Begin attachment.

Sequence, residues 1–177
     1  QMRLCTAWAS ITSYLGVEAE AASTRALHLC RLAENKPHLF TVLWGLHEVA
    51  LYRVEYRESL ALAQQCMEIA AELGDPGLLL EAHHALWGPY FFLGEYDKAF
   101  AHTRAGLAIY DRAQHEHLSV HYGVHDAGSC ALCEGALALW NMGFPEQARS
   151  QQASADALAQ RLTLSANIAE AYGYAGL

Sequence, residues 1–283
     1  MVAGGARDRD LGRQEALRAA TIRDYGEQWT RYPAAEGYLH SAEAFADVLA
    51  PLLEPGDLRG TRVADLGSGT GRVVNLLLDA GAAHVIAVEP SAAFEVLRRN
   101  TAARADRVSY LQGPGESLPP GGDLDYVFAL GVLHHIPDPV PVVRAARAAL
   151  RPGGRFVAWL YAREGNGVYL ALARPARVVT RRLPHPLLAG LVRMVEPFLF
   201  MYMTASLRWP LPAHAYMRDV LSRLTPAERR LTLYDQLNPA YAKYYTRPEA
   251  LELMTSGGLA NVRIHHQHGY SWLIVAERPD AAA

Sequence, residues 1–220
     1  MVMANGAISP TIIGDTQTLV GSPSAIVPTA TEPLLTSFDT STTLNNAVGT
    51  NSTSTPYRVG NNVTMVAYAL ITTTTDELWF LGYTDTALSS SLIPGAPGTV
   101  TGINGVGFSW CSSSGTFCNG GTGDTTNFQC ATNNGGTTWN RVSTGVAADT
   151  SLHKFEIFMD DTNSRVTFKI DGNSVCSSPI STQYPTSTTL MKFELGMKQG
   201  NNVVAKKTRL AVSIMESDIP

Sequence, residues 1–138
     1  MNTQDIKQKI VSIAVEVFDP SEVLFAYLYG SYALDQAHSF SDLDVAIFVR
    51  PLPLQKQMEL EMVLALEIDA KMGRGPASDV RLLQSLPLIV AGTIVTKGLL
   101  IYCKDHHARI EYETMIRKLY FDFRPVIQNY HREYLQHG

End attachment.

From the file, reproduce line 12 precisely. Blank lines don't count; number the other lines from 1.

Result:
   251  LELMTSGGLA NVRIHHQHGY SWLIVAERPD AAA